Was that for motor cooling, cab/crew cooling, both?

Two Mid-Atlantic Winter storms in 1958 had serious effects on the PRR electrification.  One storm generate a heavy wet snow that pulled down the catenary for miles and miles in numerous locations.  The other storm consisted of a relatively dry powdery snow that was sucked through the air cooling sysems and then melted on the electrical equipment creating short circuits and other electrical failures. Afterwards PRR did change the air cooling systems on the GG-1's to prevent this from happening again.

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Posted by Overmod on Saturday, January 23, 2021 8:34 AM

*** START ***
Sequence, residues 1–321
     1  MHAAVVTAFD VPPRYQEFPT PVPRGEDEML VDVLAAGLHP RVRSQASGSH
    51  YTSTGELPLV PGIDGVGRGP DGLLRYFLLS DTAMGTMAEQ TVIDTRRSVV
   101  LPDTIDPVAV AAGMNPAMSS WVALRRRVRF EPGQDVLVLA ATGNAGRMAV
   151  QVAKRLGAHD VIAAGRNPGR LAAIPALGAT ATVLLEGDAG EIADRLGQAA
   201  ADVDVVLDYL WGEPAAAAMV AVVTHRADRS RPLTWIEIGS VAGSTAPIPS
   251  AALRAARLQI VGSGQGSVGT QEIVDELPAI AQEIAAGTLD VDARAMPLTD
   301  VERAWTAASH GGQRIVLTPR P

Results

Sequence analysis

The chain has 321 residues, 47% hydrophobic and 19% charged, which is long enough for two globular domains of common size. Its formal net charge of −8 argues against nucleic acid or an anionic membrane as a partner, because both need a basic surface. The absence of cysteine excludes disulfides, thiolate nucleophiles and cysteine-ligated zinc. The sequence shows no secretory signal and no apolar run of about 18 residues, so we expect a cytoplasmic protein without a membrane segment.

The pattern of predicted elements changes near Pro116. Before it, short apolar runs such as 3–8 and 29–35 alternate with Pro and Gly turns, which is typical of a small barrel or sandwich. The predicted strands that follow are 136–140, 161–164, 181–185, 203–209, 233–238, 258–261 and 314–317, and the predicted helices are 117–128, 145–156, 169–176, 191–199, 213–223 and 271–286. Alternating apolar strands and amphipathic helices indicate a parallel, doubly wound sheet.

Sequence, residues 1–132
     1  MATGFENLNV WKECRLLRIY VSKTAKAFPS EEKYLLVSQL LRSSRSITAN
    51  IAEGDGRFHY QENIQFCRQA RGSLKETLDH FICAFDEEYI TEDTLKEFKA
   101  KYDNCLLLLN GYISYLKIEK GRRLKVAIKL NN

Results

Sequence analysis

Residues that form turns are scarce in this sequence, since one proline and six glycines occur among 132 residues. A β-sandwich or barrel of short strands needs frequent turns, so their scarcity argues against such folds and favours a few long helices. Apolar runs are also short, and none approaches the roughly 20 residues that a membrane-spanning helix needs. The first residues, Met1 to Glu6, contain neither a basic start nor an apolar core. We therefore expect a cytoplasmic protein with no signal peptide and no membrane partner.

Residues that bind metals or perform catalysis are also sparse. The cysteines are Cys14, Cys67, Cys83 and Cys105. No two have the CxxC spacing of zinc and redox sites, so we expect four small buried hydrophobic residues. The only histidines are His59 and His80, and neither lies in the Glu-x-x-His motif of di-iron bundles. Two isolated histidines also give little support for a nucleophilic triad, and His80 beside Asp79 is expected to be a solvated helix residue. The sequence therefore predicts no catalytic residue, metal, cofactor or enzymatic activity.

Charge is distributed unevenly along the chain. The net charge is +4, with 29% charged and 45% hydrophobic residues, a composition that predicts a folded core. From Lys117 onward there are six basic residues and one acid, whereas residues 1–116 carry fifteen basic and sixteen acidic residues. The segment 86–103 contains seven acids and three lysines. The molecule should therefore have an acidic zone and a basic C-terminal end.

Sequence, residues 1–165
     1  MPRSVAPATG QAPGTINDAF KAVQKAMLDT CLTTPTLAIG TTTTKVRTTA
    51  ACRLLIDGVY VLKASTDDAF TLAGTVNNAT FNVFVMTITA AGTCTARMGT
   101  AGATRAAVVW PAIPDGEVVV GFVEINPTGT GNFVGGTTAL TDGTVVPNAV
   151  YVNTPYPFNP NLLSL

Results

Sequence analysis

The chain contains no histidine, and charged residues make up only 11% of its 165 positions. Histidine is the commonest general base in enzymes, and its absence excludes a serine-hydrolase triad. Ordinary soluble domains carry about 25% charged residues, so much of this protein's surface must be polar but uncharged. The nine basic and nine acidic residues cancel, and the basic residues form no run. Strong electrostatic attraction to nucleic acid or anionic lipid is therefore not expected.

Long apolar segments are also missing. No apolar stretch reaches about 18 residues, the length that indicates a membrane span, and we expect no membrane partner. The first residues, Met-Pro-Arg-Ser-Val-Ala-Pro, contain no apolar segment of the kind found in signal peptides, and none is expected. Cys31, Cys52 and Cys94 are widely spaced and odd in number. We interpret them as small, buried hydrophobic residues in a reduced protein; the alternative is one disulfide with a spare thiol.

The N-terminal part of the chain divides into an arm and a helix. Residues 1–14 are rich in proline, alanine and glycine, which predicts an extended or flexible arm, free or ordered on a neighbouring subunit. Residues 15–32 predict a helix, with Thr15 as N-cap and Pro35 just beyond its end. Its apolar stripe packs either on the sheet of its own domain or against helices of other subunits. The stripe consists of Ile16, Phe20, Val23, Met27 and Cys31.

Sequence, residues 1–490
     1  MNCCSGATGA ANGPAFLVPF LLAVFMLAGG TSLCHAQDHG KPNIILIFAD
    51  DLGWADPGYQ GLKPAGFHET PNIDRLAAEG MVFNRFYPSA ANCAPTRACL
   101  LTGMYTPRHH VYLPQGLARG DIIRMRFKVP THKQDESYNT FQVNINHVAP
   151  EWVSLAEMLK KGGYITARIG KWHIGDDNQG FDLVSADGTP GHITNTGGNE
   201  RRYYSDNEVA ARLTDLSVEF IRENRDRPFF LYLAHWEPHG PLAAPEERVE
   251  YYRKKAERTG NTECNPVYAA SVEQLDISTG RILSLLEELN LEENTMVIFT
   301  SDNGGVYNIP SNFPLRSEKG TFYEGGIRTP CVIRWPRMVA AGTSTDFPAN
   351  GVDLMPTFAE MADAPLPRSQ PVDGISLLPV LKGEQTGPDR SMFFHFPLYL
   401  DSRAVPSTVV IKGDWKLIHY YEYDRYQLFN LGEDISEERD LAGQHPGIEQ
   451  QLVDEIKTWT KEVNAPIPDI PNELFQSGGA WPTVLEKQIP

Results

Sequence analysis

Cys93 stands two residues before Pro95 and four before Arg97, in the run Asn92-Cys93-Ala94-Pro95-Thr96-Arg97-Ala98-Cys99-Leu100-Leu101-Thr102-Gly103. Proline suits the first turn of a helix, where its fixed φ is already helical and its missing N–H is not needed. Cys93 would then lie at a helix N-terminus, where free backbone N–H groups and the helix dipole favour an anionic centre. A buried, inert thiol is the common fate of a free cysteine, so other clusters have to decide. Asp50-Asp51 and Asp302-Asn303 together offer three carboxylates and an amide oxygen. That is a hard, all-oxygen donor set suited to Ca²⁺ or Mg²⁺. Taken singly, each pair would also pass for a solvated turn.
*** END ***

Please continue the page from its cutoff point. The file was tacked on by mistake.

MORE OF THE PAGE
BaltACD
Afterwards PRR did change the air cooling systems on the GG-1's to prevent this from happening again.

Another step taken was the use of epoxy material on the traction-motor windings, a step that I suspect had a number of other benefits.  

Amusingly enough, the 'diamond snow' phenomenon did recur later, at least once, and someone here will know the date involved.  

In similar news, as I recall, were the effects that convinced Amtrak to very expensively move key electrical components to 'humps' in the roofs of Metroliners.

If I recall correctly, the 'worst' of the conversions (the large flat-panel openings on the upper nose sides, as on a couple of the Amtrak 900s) were intended to accommodate filter elements that could filter even very fine snow but still pass enough air mass flow for good cooling.